After visiting the 35-hectare Cheval des Andes estate a few years ago—just outside of Mendoza, Argentina—we have been anticipating their 2014 vintage. This elegant red wine is unlike almost any other, thanks to the year’s odd climate. It’s also the first vintage that Lorenzo Pasquini (Technical Manager and Winemaker at Cheval des Andes) worked on. The result is, Pasquini says, the most unique in the brand’s history.
Regarding the uncanny weather, Pasquini explains that 2014 was chilly yet humid—in fact, it was the coldest year since 2001—which is incredibly uncommon for the region. “And it was rainy during harvest; very unusual in Mendoza—which is the driest viticulture in the world,” he says. This, understandably, made Pasquini nervous. “You’re always nervous. The only time you’re not nervous is when you have the grapes in the tank.”
It’s only after the game that you understand the game
“When you make wine, you think you control everything, but the climate is in control. All you do is react—all year you react to the climate. It’s only after the game that you understand the game.” The effect of the odd weather on most of their grapes was, perhaps surprisingly, not a calamity. While some suffered (the Cabernet), others thrived—particularly the Malbec, which ended up with a dynamic, nuanced and elegant flavor.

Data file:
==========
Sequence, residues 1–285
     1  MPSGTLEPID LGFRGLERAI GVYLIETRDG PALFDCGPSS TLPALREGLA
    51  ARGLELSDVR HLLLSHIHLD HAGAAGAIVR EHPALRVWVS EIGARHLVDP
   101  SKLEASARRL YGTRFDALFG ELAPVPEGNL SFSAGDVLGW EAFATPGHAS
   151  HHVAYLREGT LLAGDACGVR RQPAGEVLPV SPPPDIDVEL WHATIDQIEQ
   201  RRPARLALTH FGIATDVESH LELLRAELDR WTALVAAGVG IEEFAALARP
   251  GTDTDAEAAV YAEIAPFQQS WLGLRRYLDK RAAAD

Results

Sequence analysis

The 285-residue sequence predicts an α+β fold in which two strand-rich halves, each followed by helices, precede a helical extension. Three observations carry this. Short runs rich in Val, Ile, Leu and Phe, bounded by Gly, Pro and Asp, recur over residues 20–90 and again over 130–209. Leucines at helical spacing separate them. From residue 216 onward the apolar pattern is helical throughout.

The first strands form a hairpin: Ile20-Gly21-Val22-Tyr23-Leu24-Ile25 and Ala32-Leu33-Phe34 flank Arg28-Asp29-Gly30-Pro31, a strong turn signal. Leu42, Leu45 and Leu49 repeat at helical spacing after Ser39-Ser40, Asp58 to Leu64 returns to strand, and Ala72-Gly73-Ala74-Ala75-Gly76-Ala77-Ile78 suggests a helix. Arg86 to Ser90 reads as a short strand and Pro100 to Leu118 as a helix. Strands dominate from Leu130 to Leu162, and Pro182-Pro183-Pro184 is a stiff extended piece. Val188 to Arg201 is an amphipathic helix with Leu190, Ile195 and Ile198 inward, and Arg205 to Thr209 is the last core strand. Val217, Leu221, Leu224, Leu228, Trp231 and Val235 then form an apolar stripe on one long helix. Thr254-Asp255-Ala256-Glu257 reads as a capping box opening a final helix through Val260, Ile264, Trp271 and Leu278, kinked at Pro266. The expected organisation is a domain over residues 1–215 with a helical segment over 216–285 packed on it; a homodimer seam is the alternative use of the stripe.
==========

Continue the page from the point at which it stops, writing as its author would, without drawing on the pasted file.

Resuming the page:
Pasquini explains, “There’s so much unknown, and every day you see the wine creating itself. The wine is taking life. The Malbecs were so vibrant and delicate—with aromas of violet, spices, classic but also intense and voluptuous.”
Since the Malbec grapes flourished, it made sense that they dominate the 2014 vintage. But this blend (83% Malbec, 8% Cabernet Sauvignon and 9% Petit Verdot) is a drastic departure for the brand, whose wines usually incorporate mostly Cabernet. “We had never done this before, but we were really happy with the choice,” Pasquini explains. “I like to say this wine is very poetic, very complex. There’s balance rather than intensity.”
With their parent company Chateau Cheval Blanc’s 300-year history inspiring them, Pasquini’s team experiments with elements of old and new world techniques, but always makes sure that it’s equal parts art and science. He explains the delicate balance, “A wine that is all intuition will lack precision, and wine that’s all science will have no soul.”
Hero image courtesy Cheval des Andes, all others by COOL HUNTING